Some of the new captives, Osborne said, may also be motivated by estate and tax planning issues. Under the federal tax provisions known as 831(b), certain small insurance companies, including captives, can shelter certain profits from federal taxes. The provision only applies to insurance companies with ceded premiums less than $1.2 million.
In the past, the predecessor provision was abused. It came under criticism because tax consultants used the option to shift millions into the entities just to defer taxes. These strategies really didn't have any legitimate risk transfer or risk management function. The 831(b) provisions sought to stop those kinds of excesses.
Vermont's Provost said that he assumed that some captives in Vermont qualify for the 831(b) tax treatment, but that Vermont regulators evaluate a proposed captive based on its business plan as an insurance company. "Certainly we look at the tax impact of a captive, but we look at it in terms of the impact on the financial statements of the captive itself," he said.
"We don't get many applications for captives that are blatantly motivated by tax issues," Provost said. Nor does Vermont market the 831(b) provisions to potential captive sponsors, although some other domiciles do.
Aon's Gray said that Vermont will license a captive that qualifies for 831(b), "but only providing it makes economic sense. If it works as an insurance business, then it can be approved."
She acknowledged that "captives are being formed for estate planning purposes, and to benefit from the 831(b) tax provisions." But, she warned, "These kinds of issues should not be the driver of the captive. You need to have the proper business plan and real risk management reasons for forming a captive. Tax benefits may be important, but they should not be the driving factor."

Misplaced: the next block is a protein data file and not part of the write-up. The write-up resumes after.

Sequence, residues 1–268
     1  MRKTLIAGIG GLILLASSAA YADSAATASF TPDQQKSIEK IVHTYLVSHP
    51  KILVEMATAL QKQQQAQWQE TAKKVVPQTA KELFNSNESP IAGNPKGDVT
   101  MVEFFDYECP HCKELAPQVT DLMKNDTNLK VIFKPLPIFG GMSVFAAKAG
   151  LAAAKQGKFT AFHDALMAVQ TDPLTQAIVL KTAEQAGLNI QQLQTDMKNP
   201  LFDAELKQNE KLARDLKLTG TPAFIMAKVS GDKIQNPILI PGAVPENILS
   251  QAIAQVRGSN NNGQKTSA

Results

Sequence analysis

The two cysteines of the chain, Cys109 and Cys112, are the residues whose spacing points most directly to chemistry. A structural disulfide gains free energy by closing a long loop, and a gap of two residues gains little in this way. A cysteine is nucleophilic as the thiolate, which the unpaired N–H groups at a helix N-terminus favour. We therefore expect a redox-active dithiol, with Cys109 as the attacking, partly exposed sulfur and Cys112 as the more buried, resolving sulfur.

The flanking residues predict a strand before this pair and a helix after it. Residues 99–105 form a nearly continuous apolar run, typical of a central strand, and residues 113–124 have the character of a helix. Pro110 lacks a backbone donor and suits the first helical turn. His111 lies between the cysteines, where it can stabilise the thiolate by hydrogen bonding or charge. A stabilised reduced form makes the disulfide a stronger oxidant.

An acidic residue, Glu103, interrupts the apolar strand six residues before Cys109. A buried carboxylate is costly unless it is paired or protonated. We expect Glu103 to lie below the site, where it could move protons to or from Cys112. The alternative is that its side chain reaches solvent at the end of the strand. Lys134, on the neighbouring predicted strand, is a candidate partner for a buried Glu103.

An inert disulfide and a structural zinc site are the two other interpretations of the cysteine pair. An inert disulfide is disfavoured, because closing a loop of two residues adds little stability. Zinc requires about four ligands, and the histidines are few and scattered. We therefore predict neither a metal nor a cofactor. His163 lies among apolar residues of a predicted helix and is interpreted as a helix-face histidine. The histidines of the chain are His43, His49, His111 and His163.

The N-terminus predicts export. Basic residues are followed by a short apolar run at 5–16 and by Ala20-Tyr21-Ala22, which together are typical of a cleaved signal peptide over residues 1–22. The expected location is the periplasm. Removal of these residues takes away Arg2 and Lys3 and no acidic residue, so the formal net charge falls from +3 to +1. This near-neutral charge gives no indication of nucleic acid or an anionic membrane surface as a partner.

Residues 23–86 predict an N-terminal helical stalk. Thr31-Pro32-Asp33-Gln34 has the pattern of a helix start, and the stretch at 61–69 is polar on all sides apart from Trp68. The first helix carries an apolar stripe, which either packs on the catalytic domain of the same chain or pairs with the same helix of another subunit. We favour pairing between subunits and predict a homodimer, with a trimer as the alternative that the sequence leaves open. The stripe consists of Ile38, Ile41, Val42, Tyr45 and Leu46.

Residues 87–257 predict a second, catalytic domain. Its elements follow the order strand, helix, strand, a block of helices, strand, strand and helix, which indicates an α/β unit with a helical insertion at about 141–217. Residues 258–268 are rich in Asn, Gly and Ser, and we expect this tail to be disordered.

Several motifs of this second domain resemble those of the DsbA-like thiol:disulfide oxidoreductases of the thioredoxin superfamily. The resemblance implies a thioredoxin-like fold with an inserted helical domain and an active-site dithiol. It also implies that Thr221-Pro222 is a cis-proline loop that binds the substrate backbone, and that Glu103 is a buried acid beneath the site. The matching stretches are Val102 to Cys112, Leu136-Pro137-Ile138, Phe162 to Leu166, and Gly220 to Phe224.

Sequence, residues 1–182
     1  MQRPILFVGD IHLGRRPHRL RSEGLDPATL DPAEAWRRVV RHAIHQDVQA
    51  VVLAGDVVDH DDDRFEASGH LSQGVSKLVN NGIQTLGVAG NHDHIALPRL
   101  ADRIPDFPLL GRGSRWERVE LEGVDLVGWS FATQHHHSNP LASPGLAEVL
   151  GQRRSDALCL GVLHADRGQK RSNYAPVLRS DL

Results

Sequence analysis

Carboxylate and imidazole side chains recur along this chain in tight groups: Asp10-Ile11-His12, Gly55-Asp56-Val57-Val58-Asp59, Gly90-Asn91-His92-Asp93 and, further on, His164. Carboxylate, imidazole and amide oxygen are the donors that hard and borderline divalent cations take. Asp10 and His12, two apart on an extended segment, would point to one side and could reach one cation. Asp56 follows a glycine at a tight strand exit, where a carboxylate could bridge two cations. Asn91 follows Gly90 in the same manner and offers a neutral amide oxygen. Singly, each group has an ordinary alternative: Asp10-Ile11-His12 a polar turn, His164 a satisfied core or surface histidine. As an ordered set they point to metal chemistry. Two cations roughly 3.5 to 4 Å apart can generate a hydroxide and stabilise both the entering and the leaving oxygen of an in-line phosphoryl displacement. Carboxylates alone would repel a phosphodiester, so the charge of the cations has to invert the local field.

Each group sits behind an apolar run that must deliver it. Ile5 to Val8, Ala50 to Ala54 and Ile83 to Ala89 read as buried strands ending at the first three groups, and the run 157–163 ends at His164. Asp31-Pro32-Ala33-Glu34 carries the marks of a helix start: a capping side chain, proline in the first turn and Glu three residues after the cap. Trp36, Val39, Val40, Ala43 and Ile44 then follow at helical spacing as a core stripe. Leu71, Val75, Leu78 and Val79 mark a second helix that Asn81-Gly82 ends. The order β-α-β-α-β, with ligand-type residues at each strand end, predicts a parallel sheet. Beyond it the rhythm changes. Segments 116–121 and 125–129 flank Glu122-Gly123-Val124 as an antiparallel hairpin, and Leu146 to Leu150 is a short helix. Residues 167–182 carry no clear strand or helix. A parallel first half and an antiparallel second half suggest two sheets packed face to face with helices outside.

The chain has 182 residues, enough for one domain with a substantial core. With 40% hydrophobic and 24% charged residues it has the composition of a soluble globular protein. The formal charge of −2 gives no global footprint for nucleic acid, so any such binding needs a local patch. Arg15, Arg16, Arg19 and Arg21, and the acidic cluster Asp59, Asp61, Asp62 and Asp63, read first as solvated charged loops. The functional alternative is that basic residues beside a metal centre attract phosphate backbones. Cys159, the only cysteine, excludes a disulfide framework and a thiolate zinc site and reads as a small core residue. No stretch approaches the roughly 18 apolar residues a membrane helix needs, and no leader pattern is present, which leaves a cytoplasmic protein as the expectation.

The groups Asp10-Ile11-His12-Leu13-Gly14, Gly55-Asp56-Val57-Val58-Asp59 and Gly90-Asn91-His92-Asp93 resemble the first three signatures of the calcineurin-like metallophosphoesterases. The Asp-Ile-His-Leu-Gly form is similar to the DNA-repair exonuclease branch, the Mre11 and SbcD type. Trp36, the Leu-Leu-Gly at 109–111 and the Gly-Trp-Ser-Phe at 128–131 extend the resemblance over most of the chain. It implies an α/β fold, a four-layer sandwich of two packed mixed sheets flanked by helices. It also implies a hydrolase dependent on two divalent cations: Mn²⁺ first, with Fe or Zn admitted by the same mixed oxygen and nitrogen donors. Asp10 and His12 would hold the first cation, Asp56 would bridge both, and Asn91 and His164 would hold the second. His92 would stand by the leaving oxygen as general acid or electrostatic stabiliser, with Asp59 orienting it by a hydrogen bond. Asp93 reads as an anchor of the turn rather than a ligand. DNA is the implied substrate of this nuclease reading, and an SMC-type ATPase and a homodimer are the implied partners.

The fundamental reason for a small or midsize captive to be domiciled in Vermont isn't any different than the reason many very large captives are based in Vermont: regulation.
McCarthy, for example, said that his risk retention group "wanted to be regulated properly" and Vermont listens to our needs, "but certainly isn't a rubber stamp."
Equally important to McCarthy is that as the captive community has grown in Vermont, the governor and the state legislature have supported the captive insurance division.
"As the number of captives in Vermont increases, even when the budget was being cut back in other places, the department's budget increased and it was able to hire additional staff," he said.
Another plus is small captive owners will be better positioned for a hard market. Provost said, "Companies that form captives in a soft market tend to be forward looking and know that the soft market won't last forever." These owners will be ready, he said. "They will have their reinsurance in place. They will have the needed relationships in place. They will be able to adjust retentions and take advantage of better pricing in the captive than in the market."
And, Provost said, "When the market turns we will get a lot of people who want to form a captive in a hurry." Those in place today will be far better prepared.
May 1, 2011